Healthy Living

Pescetarian Diet Pros And Cons: Is Seafood Diet The One For You?

What would Natalie Portman, Anne Hathaway and Carrie Underwood have in common other than talent, awards and money? Well, it is not a secret sauce that made them famous and fabulous. Rather, it’s a diet they turn to for deriving strength and stamina to help them thrive while leading hectic lifestyles, enabling them to succeed in the entertainment industry and balance motherhood perfectly.

By adhering to the pescetarian diet that is vegetarian for the most part including fish and dairy products, the actresses were able to stay energized during their respective pregnancies. For Hathaway in particular, while shooting “Interstellar,” she radically switched to a diet containing omega-3 fatty acids by including fish and poultry to her daily diet, saying goodbye to veganism for good. 

The consumption of plant foods alone does not provide the body with all the vitamins and minerals it needs, unless a lot of detailing goes into planning each and every meal.  

Pescetarianism, popularly known by many names like seaganism, pesco-vegetarian, and partial vegetarianism, does not allow consumption of red meat rich in saturated fats to keep heart trouble at bay. However, there are preferences and choices in the variations of pescetarian diets, sometimes consisting of meals with fish and vegetables without diary and vice versa. The fundamental premise of being vegetarian has plenty of health benefits:

Cancer Prevention 

By consuming fish, a high dose of omega-3 fatty acids gets absorbed and this reduces inflammation in the body, which acts as a cancer-preventing measure. Data from the European Prospective Investigation into Cancer and Nutrition (EPIC-Oxford) has proven that pescetarian diets are more helpful in preventing certain types of cancer than vegan or vegetarian diets.  

The diet rich in omega-3 also reduces tumor growth in those already diagnosed and suffering from cancer. Those who are undergoing chemotherapy are at a huge advantage as muscle mass and low inflammation that are usually depleted during the process manage to stay intact, giving them an advantage in immunity.

Heart Health

Data on 65,000 participants from European Prospective Investigation into Cancer and Nutrition (EPIC-Oxford) revealed that vegetarians had a 19 percent lower risk of heart disease compared to vegetarians. Diets rich in fruits and vegetables are not sufficient enough to provide the needed omega-3 fatty acids which provide many health benefits. The only exception being walnuts which can be consumed by vegetarians. 

Though there are some studies to show that omega-3 derived from walnuts and fish work equally to reduce heart risk. Fish increases good cholesterol while walnuts reduce bad cholesterol.

Nutrient Deficiencies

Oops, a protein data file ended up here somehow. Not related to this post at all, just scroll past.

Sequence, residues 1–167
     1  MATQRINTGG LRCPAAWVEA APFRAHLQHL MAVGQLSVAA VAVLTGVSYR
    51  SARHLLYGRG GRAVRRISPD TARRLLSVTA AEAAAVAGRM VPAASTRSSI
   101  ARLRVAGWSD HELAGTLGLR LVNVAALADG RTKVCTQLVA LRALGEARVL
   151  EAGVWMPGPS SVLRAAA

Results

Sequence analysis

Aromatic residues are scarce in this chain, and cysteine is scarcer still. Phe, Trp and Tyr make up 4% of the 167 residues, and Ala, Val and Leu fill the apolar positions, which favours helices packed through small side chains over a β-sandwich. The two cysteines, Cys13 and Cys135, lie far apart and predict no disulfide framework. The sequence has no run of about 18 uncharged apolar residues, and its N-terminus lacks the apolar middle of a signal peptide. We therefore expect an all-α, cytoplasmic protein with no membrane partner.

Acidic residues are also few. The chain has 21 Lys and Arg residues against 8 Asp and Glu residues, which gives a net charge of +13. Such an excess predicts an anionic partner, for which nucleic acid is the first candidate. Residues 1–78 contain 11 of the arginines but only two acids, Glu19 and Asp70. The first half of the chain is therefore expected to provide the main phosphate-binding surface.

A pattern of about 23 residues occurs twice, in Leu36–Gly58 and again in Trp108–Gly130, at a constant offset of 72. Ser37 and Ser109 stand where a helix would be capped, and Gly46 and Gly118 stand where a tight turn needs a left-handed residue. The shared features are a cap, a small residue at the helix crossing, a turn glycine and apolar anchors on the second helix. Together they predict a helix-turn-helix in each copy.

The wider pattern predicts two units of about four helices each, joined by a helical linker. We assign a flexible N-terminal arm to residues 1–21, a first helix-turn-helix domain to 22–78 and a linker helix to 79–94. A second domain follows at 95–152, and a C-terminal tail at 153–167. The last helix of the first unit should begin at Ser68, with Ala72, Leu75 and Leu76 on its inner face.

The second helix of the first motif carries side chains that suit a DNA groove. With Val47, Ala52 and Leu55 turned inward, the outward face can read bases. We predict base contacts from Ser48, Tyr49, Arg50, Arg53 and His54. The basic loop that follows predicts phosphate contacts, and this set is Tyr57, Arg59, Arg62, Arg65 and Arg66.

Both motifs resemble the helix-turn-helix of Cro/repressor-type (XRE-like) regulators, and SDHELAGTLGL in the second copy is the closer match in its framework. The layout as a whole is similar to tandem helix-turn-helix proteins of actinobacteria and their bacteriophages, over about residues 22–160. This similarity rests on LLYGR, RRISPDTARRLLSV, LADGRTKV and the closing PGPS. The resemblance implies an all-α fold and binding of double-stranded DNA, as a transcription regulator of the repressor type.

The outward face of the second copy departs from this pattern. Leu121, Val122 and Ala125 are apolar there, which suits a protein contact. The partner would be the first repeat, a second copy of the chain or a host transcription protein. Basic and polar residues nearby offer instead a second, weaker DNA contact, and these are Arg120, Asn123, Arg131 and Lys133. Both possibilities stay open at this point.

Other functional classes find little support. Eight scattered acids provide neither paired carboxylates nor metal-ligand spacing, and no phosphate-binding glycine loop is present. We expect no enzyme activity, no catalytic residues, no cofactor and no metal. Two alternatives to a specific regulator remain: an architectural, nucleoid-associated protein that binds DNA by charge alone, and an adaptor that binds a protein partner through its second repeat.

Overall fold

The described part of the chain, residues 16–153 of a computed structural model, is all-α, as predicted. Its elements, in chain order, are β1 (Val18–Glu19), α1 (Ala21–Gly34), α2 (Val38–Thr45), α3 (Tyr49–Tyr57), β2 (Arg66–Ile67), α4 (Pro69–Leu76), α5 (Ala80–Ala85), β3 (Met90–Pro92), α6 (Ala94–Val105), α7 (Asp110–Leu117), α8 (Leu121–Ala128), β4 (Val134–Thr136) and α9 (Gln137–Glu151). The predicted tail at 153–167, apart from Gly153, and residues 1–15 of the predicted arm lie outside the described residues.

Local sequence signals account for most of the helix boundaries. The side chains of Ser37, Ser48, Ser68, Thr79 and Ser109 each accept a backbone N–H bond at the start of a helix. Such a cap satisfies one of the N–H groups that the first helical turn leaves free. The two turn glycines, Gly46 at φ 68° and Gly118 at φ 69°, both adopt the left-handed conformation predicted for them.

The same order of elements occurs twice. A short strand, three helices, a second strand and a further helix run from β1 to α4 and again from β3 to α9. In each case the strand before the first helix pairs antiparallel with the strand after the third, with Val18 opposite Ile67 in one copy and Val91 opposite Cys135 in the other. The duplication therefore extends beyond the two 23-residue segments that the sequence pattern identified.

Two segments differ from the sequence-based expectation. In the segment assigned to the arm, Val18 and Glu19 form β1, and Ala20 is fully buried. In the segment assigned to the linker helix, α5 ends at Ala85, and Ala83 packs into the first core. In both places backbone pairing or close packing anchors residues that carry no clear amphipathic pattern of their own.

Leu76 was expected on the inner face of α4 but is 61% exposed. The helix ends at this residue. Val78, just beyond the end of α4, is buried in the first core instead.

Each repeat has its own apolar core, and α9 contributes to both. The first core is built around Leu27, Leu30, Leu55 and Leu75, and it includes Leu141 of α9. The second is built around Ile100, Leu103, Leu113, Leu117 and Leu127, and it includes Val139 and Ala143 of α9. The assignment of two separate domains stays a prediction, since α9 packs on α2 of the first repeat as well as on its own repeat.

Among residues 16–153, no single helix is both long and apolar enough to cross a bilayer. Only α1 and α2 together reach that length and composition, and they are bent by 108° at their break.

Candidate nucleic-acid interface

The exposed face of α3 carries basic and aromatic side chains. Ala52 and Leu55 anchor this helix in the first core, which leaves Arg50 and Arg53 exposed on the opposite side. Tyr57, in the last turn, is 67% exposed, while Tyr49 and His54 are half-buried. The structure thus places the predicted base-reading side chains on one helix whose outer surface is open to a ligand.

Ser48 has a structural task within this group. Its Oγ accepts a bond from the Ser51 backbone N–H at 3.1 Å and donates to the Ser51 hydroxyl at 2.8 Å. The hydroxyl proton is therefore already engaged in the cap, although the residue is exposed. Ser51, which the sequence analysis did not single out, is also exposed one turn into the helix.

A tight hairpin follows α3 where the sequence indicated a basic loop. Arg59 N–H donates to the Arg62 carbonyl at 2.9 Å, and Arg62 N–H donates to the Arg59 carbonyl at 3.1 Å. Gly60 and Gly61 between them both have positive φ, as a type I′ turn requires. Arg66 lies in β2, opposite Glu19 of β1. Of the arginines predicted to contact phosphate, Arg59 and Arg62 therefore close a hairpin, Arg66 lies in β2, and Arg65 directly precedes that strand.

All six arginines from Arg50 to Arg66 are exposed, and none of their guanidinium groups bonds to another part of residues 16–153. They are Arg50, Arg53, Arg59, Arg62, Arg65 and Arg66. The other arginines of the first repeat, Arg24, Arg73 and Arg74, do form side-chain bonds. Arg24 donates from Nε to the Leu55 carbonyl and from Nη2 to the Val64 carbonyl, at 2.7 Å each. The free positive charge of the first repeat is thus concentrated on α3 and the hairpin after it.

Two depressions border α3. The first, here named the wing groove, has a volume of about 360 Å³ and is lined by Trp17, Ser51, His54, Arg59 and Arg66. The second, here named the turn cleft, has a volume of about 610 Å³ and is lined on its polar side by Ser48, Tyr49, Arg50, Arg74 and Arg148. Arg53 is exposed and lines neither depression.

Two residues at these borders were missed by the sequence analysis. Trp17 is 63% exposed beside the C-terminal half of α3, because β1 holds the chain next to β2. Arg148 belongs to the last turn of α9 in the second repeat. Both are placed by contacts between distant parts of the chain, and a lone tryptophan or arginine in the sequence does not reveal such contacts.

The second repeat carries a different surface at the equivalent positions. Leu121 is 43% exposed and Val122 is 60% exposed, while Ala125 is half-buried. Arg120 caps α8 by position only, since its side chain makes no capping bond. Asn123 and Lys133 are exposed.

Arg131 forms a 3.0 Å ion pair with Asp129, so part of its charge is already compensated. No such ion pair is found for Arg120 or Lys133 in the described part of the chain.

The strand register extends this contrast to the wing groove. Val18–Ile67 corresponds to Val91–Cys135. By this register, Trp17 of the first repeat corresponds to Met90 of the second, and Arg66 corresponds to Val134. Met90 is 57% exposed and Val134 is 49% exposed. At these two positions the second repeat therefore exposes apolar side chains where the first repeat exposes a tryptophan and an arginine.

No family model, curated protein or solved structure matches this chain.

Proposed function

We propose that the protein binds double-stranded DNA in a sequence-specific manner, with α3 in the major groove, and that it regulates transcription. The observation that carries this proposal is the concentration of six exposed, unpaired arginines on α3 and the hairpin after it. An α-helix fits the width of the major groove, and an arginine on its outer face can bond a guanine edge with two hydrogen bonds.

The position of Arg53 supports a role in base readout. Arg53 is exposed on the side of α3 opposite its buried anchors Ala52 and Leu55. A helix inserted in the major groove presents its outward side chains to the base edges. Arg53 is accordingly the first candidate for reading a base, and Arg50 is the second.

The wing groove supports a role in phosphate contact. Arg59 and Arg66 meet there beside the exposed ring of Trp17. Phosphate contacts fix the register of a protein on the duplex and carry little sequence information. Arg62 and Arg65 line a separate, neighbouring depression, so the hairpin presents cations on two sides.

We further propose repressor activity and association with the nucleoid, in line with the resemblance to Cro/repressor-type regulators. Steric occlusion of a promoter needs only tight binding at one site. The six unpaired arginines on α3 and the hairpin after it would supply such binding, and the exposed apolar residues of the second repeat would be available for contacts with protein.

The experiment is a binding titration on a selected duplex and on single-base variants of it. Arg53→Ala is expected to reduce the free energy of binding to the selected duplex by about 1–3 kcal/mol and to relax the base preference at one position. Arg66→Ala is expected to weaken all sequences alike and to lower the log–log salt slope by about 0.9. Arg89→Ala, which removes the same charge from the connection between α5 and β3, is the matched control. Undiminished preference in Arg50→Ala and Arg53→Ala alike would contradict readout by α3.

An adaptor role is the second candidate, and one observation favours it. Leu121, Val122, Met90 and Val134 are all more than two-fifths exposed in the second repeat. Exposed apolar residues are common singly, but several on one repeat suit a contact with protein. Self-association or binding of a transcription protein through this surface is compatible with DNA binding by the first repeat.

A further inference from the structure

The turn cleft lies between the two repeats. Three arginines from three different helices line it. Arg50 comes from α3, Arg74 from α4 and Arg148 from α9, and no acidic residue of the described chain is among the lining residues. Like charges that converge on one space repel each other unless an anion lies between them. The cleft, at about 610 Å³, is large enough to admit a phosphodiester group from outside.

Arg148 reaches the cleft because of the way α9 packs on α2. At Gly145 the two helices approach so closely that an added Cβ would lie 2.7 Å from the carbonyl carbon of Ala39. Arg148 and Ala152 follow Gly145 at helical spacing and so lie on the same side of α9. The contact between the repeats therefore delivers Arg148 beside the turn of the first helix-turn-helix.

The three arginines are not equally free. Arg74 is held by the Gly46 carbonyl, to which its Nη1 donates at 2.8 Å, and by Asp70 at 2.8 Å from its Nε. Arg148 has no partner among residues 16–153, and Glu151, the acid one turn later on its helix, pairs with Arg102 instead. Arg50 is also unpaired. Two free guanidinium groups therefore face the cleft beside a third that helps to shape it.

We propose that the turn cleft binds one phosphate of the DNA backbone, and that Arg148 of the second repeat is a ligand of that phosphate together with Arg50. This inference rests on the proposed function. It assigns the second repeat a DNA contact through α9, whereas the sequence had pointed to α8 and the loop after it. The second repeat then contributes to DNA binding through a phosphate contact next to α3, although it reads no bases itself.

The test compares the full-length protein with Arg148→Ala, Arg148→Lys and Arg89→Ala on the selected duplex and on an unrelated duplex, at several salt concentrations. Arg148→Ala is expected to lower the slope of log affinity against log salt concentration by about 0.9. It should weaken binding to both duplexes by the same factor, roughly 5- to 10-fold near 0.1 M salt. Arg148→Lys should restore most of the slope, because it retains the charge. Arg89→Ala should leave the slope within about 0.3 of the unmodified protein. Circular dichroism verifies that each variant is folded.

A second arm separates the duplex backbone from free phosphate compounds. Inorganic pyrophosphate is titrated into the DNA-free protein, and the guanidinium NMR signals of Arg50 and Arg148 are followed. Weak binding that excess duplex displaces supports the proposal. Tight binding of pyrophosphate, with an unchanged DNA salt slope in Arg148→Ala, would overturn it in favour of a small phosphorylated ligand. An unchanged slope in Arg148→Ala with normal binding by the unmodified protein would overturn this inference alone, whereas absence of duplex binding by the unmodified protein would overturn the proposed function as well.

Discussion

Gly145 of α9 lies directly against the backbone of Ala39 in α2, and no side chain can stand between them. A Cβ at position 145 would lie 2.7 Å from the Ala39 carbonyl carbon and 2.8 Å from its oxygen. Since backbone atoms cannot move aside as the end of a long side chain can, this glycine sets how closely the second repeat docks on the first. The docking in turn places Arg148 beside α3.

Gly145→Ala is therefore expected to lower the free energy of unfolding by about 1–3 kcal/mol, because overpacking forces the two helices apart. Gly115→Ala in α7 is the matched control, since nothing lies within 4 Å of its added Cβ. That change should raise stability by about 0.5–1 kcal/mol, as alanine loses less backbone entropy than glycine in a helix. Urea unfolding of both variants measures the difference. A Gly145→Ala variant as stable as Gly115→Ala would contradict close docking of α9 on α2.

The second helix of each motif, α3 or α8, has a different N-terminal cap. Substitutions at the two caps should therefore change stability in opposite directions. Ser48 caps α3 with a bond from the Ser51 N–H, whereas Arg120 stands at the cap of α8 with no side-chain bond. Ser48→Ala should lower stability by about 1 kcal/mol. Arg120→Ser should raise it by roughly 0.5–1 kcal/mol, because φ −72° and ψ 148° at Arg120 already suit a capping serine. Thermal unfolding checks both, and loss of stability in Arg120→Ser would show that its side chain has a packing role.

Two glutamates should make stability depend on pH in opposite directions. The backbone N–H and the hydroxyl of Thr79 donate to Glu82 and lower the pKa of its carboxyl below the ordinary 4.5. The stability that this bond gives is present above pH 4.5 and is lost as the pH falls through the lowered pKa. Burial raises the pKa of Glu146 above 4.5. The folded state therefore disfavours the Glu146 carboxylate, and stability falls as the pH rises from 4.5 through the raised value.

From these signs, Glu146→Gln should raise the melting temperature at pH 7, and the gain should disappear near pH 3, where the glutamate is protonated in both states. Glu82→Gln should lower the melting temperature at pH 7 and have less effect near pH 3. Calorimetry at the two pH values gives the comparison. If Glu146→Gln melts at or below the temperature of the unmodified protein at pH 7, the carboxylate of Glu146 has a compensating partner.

Plant-based diets are very healthy, but they lack certain amino acids and vitamin B12 found in meat. Fish being a safer option can be substituted in place of red meats to supplement an iron deficiency. It fixes the imbalanced ratio of fatty acids (omega-6 to omega-3) derived from consuming vegetable oils and salad dressings.

Bone Health

Strict vegetarians are at risk of deficiencies in vitamin D and K needed for the absorption of calcium. While taking supplements could fill the void, it is not enough. Similarly, as found by the EPIC-Oxford Study, vegans consuming 525 milligrams of calcium per day were less susceptible to fractures as 75 percent of vegans did not get the required daily intake of calcium.

Mental Health

Studies have found that lack of omega-3 fatty acids is linked to cognitive decline at the onset of old age, leading to Alzheimer’s and dementia. Having a steady intake of omega-3 can stop the deterioration of the mind. It can even boost moods by being a natural remedy for depression, anxiety and ADHD.

Pescatarian Ocean to Table: Several Varieties of Fresh Whole Fish on Ice For-Sale in a Fish Market in the Chinatown section of Manhattan in New York City Keith Getter / Contributor/ Getty Images

What are the drawbacks?

While the benefits are there, it is important to be careful of the amount of fish consumed due to toxic levels of mercury rising in sea waters. The Food and Drug Administration (FDA) recommends pregnant women to not consume more than 8 ounces of fish per week while regular folks can eat fish meals up to three times per week or 12 ounces.

A recent study published in the Harvard John A. Paulson School of Engineering and Applied Sciences traced the geographic origin of mercury in seafood. They found that 31 percent of America’s seafood came from the North Pacific coast and 25 percent from the Equatorial and South Pacific coast. The latter is the largest source of tuna, a fish that is high in mercury.

Studies have shown that blood mercury levels increase with the consumption of shark and swordfish. Similar results were found when tuna and salmon were eaten frequently, except that mercury levels rose less rapidly with smaller fish. The FDA advises against eating the king mackerel species, too.

The amount of mercury transferred to the body depends on the levels of mercury found in the fish, which cannot be predicted. Though all species have traces of methylmercury, the larger fish which have had time to accumulate chemicals pose the greatest risk, especially in unborn children and pregnant women.